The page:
Duane Baughman, Bhutto
Benazir Bhutto, the two time Pakistani prime minister who in 2007 was assassinated just days after she returned from military imposed exile in Dubai to once again attempt to take control of the country, was the countries’ most significant civilian political figure of her generation. Using the tragic life and times of the Muslim world’s most dynamic and successful female politician as a lens through which to capture the larger political machinations and social upheaval that has led to the sixty-seven year old Pakistani state constantly being handed back and forth between an imperiled civilian government and a conservative military establishment, Bhutto is not light on substance. However glamorous and entitled this scion of one of the country’s richest feudal families was, it’s clear in Duane Baughman’s incisive, well-researched and ultimately moving documentary that Benazir Bhutto’s motives were primarily civic duty and national pride, even if those convictions compelled her to risk her own life for the cause of civilian rule in perhaps reckless ways.
The brainchild of political direct mail guru Duane Baughman, owner and founder of the political consulting firm The Baughman Company, an outfit which has worked on the campaigns of national political heavyweights Hilary Clinton and Michael Bloomberg, Bhutto was made with incredible access to the late Benazir’s family, including interviews with her sister Sanam, husband (and current Pakistani President) Asif Ali Zardari and her children. It also features perspectives on the woman from such political and media luminaries as former Secretary of State Condoleezza Rice, Ambassador Peter Galbraith, Dr. Reza Aslan, her political rival Gen. Pervez Musharraf and Arriana Huffington. The film bowed at Sundance 2010 with co-directing credits shared by Fuel director Johnny O’Hara and Jessica Hernandez, but Baughman, who has taken the “a film by” credit for himself, now shares directing credit with O’Hara. We caught up with him on the eve of the film’s release, this Friday at New York’s Cinema Village.
Filmmaker: The film premiered at Sundance with two others, Johnny O’Hara and Jessica Hernandez listed as its directors. What was your role at the projects inception and how did it evolve through the film’s production, premiere and life in the marketplace to the point where you’re now listed as director?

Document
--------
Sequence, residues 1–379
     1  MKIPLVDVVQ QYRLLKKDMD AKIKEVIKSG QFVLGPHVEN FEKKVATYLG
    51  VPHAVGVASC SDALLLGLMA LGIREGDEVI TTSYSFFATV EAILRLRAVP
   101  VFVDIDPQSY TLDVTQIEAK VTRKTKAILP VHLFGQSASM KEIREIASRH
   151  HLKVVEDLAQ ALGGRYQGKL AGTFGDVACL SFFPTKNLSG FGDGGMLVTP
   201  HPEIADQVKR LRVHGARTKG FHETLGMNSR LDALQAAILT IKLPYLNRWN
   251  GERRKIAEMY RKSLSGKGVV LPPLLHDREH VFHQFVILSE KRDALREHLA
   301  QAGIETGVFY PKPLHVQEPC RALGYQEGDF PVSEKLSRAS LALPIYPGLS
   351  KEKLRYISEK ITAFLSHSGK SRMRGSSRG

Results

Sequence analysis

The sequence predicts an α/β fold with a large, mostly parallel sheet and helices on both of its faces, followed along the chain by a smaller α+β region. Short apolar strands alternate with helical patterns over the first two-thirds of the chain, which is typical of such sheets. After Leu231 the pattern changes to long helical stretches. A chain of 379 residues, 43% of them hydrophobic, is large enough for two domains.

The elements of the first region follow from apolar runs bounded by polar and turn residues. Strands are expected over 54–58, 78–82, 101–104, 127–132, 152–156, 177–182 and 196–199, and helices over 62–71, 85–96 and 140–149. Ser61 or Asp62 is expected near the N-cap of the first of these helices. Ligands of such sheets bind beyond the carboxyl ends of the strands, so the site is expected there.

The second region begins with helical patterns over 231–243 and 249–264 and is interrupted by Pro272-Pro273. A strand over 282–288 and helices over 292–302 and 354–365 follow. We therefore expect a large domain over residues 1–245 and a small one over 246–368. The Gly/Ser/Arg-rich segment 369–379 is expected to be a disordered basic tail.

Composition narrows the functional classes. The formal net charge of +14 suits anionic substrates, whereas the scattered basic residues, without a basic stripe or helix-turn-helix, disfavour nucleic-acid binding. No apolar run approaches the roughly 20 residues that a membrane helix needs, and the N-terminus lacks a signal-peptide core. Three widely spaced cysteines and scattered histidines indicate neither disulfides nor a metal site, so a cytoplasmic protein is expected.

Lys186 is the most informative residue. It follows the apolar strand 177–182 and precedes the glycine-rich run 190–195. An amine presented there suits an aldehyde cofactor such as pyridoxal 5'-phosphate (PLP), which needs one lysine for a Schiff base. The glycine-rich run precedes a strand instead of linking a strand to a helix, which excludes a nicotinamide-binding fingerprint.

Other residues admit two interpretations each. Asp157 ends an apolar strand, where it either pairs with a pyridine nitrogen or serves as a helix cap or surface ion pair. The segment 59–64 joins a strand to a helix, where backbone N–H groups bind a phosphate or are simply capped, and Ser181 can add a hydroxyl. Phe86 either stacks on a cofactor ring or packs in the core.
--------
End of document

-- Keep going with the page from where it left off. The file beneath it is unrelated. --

Baughman: It hasn’t changed much. I started out as the person who was bankrolling the movie, I started out as the person who’s idea the film was, I started out as the person who had the connections to get the interviews to make the film I just wound up at the end, and just to correct you, I’m not the sole credited director, my co-director is also the writer Johnny O’Hara, who was a huge part of making this film a reality. I hired Johnny to help keep me from becoming too close to the project and help me keep the project on track creatively because their are so many intriguing stories to be told from within and without this family and the government of Pakistan. I needed somebody who could help from on high to help me keep the whole story straight and so that’s why Johnny was intricately involved in the film.
Filmmaker: You come from a political background.
Baughman: That right, I don’t come from a filmmaking background at all, I come from a political one. That’s always been the key motivator for me. In 1988 when I first heard along with the rest of the world about this woman in Pakistan who had broken the Islamic glass ceiling, I was intrigued as anybody else about how she did it and what the real story was behind it. I expected that within a year or a few years there would be a myriad of books, documentary films and even Hollywood feature films because she was incredibly attractive and her story was very appealing. I expected to learn the backstory from other sources. Twenty-two years later, that hadn’t happened. I wound up being the person who had the access to tell the story. I decided to exercise those connections in order to tell it because I thought it was intriguing enough to get audiences engaged. It wouldn’t have come together if I wasn’t as deeply involved in domestic and international politics as I am on a daily basis.
Filmmaker: You had the fully participation of Benazir’s immediate family. Did you worry that it would be difficult to make a balanced, nuanced portrayal of her and her political legacy?
Baughman: Of course. I woke up and went to bed with that fear everyday. It was the determining factor in whether or not I would continue with the film and whether or not I was going to be able to make it. Everyday that I got access and everyday that I was continually told yes, I kept waiting to be told no, so that I could fold up my tent and fold up my wallet and go home. That day never came. The Bhutto family was spectacularly agreeable and generous with their time. Sitting down with me, amazingly just three months after the loss of their mother and in Asif Zardari’s case their wife, it was a once in a lifetime opportunity to have that kind of super raw access to recollections that were still very fresh at that point absolutely made the film the kind of emotional powerhouse that some of the early reviewers have found so riveting.
Filmmaker: Although using animation, archival footage and voiceover for exposition is a well worn documentary trope, I thought the way you did it early in Bhutto was quite elegant.